Indiana hosts many native fruit species as well as introduced varieties. An orchard in Indiana reflects this, combining native trees and some of the newest developed cultivars. Most of the state is in USDA hardiness Zones 5 and 6, making late spring and early fall frosts the main risk to fruit production. With careful selection for each climate area, growing fruit trees in Indiana rewards the gardener with abundant harvests of delicious, juicy fruits.
Indiana has been home to many apple varieties since the days of John Chapman, better known as Johnny Appleseed, in the late 1700s. Certain apple cultivars perform better in northern Indiana and others thrive in southern Indiana. Consider varieties such as Gala, Honeycrisp, Jonathon and McIntosh for the northern areas of the state. For the south, cultivars such as Spartan, Granny Smith and Goldrush make suitable selections. Most apples need a pollinator--another apple tree--to set fruit. The pollinating pair must flower at approximately the same time. For example, early season trees such as Gala and Honeycrisp pollinate one another, while the late season Granny Smith and Goldrush cross-pollinate.
A native to the southern half of the state, persimmons (Diospyros virginiana) provide abundant plum-like fruit for the Indiana orchard. Persimmons can grow anywhere in Indiana. Hoosiers commonly use the fall fruit for syrup, jam and pudding, and also eat them fresh from the tree. The persimmon tree can reach up to 50 feet high, but usually remains smaller. They have low maintenance requirements and only need to be pruned to remove dead and diseased limbs, or to limit growth. Some varieties to grow in Indiana include the native persimmon, Even Golden, John Rick and Miller. Pollination requires a male and female tree, but only the female bears fruit.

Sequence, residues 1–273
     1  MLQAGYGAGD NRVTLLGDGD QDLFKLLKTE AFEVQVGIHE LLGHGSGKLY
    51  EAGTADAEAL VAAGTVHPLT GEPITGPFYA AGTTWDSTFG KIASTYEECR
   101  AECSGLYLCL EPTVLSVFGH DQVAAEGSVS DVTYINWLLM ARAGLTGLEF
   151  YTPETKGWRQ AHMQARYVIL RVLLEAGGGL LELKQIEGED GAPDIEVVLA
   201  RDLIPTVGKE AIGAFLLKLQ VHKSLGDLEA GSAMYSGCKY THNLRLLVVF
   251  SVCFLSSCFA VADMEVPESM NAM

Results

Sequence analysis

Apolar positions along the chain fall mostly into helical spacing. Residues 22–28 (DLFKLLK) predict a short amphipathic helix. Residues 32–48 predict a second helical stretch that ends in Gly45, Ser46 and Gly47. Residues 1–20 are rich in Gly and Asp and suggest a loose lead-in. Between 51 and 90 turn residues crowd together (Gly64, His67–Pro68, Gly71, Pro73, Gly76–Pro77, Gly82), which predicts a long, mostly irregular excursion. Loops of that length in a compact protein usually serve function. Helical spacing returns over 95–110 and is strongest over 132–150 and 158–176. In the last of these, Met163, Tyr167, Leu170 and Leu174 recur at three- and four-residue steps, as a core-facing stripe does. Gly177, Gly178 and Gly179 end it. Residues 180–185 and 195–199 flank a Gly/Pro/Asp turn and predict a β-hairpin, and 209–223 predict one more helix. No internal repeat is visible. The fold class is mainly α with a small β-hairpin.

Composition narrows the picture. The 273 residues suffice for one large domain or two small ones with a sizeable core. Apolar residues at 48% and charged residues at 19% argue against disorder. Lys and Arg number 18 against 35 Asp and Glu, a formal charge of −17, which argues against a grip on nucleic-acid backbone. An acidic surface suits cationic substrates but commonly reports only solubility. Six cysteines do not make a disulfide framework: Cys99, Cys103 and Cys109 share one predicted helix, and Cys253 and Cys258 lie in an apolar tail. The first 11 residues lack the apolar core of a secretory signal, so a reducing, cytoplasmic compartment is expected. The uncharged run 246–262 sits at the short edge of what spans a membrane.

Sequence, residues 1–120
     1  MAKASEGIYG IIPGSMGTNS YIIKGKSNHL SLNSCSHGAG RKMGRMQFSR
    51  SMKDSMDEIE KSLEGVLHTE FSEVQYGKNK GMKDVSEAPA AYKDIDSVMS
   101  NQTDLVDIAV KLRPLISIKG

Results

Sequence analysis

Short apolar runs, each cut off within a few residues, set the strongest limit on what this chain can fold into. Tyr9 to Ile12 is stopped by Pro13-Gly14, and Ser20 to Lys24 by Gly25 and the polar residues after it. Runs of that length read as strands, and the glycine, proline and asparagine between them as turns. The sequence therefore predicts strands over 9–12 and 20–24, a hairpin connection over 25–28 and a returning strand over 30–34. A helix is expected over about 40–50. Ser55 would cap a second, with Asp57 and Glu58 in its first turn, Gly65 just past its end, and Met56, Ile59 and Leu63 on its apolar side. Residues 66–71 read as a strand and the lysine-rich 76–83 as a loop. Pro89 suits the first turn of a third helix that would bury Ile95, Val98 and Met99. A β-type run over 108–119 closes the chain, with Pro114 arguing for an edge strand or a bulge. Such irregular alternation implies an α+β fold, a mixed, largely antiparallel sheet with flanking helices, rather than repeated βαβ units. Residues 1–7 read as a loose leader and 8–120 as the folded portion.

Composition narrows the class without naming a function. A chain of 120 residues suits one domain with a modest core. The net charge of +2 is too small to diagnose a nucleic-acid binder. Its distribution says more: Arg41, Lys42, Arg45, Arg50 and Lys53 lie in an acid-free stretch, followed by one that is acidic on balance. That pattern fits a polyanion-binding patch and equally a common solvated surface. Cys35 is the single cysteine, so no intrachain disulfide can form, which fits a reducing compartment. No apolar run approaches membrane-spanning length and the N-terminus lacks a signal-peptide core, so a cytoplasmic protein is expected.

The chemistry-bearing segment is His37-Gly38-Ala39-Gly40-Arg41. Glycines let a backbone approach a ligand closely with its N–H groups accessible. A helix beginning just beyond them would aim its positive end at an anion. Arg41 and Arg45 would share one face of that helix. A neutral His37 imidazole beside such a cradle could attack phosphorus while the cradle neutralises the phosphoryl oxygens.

Cherry trees can perform quite well in Indiana. In fact, the black cherry (Prunus serotina) is native to the state. Plant tart varieties, such as Montmorency and Meteor, in central and northern Indiana; they prefer the cooler climate and shorter summer. Tart cherries bloom later in the spring, avoiding frost damage. Sweet varieties perform better in southern Indiana. Cultivars of sweet cherries for the state include Rainier, Van and Sam. Tart cherries do not require cross-pollination, but sweet cherries do. You should check which trees work well as pollinators before choosing varieties. For example, Rainier makes an excellent choice to pollinate Sam and Van varieties.
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